If getting on with other people (or an android) is one of the most difficult things in life, then one of its pre-conditions is being able to communicate with others. This latter ability, or invariably its absence, lies at the heart of much staged comedy and farce, and up it pops again as the thread running through in Paul Ekert's four short plays for a trio of actors forming his Outbursts!, previewed in Watlington on Saturday and now bound for the 12th Camden Fringe Festival in N. London; all 22 venues, 275 events and 948 performances of it.
"How may I facilitate your grief?" asks Liz Mente-Bishop's matter-of-fact undertaker Ms Blueberry down the phone to a weeping customer, wholly at ease in her routine of euphemism, until the arrival at the door of her funeral parlour of Mr Smith (Danny Steele), an unsatisfactory customer in that he declines to accept his dead status. The opposition of this shocked and demanding dead-man-walking with the undertaker's tried and tested procedures forms the farcical basis of this first playlet. Calm until provoked, then indignant to the point of mild hysteria ("I thought I might as well earn a living out of all these interruptions!"), the zany script of Being Dead follows these two opposed forces struggling to find a meeting of minds.
In Being Alive, Nigel gets home from work, fairly frazzled, to find the parcel carriers have got there before him with a box on the doorstep containing Ms Mente-Bishop's android. The fact that this high-handed, jerky-moving thing – human or artefact? From hell or merely purgatory? - is addressed to Watlington-on-Sea cleverly sows doubt: misdirected delivery or even hoax? But meanwhile the android has to be dealt with and placated as it alternately blusters and then cringes, offering free, fairly graphic sex as well as a 53 minute, programmed message to the hapless Nigel. The whole thing recalled Woody Allen's Sleeper where our hero's resuscitated from a 200 year, cryogenically-frozen sleep. Mr Steele's bewilderment is nicely done while Ms Mente-Bishop, veering from plodding robot-speak to machine-gun delivery, and at one point turning on a sixpence into Nigel's nagging mother, was a gem of versatility.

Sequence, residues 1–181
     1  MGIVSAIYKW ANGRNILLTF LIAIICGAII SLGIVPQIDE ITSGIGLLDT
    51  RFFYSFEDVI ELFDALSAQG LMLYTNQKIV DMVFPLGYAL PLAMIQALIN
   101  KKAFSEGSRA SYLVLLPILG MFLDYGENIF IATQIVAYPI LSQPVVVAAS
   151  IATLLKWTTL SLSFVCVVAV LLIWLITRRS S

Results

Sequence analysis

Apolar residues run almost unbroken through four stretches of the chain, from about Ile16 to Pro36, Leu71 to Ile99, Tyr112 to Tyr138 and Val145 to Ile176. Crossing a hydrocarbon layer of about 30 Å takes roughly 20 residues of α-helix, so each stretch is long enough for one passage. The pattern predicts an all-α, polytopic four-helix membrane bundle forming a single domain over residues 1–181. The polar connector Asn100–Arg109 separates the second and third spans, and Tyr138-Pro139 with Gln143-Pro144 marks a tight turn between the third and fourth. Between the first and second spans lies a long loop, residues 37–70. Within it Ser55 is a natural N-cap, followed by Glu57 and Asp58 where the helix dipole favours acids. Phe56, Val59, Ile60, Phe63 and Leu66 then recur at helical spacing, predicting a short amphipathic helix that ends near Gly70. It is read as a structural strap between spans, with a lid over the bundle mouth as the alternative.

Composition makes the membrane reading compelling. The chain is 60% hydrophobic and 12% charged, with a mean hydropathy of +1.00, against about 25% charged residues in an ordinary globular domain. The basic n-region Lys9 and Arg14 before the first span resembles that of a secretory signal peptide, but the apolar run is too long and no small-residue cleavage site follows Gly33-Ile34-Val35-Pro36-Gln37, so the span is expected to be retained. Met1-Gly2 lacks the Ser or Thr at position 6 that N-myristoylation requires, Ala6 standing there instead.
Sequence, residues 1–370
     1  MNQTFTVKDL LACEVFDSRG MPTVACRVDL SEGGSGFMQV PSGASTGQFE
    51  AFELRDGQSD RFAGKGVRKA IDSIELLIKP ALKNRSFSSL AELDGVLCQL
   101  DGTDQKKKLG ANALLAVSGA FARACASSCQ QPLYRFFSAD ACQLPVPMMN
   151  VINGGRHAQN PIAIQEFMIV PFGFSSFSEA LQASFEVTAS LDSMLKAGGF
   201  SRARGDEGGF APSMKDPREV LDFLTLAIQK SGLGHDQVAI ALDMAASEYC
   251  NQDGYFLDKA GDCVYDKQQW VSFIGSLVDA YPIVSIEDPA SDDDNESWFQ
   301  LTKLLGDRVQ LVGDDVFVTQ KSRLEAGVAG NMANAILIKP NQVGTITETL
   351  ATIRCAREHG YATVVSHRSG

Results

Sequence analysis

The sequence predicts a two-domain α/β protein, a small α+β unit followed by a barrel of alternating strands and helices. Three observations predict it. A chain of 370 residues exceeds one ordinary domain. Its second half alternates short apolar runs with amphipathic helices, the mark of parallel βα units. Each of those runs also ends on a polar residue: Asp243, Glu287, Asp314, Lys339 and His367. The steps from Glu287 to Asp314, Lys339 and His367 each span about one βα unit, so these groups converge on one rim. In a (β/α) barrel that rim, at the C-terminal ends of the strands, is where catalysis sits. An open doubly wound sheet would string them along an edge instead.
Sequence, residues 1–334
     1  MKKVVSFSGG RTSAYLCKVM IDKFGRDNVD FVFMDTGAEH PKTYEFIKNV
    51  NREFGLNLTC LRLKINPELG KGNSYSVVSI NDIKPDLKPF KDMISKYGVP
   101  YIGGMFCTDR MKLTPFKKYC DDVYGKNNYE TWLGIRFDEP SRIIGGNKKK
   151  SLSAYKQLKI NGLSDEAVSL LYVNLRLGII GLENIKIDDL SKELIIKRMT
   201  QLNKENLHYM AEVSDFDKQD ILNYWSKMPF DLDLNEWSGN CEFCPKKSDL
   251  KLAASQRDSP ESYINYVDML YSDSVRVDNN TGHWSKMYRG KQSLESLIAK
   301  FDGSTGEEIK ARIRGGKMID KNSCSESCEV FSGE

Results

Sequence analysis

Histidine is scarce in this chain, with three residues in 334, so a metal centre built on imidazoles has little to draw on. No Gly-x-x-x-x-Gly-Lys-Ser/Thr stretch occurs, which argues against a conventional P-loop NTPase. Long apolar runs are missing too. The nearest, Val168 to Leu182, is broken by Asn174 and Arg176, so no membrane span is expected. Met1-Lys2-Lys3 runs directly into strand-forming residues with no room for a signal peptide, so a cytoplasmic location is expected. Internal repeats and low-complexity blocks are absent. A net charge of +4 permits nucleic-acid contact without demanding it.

The third segment, Being Married, delves a little further into the territory of farce as Danny Steele's Leslie receives a pledge of undying love from his wife's sister Theresa (Marla Jane Lynch) while his wife's just popped out for a moment into the next room. But in this household red roses harbour black fly, black fly is best removed with a flamethrower, a clasp knife is produced, misunderstandings and parentheses abound... and as in all the best farce, levity ends tempered by murderous intent. The pace here was high, mirth from the audience was unconfined, and Ms Lynch was a real pocket rocket of frustrated passion.
Finally, in Being Saved, would-be suicidal playwright (Ms Mente-Bishop) is rescued by the chance intervention of a dog walker (Ms Lynch is from W. Australia; her accent here wandering delightfully from Cardiff to Calcutta via Kingston, Jamaica) so taken up by the minutiae of her life (her phone bill and a possibly asthmatic dog) as to be oblivious of the tragedy unfolding under her nose. "I'm an electrician", she implausibly announces, "that's why my dog's called Sparky!" Mistaking a suicide note for dropped litter, she reads it out pedantically, commenting: "Maybe you could write a play about this?" "I'm a comedy writer", comes the exasperated retort.
The Watlington Social hall is a modest room, and the acting area here little more than a space and a couple of chairs. But Paul Ekert's script cleverly kept the audience of c. 50 off-balance as it explored the desperation underlying modern life, dodging nimbly between laughter (there was plenty of that) and tragedy. Our three actors somehow remained straight-faced amid the mayhem, displaying canny comic timing. Liz Mente-Bishop was a manic presence, bursting with energy but also suggesting nuance to her playing that ought to find expression on a larger canvas than this.
Outbursts! opens at the Camden Fringe on Wednesday, 9th August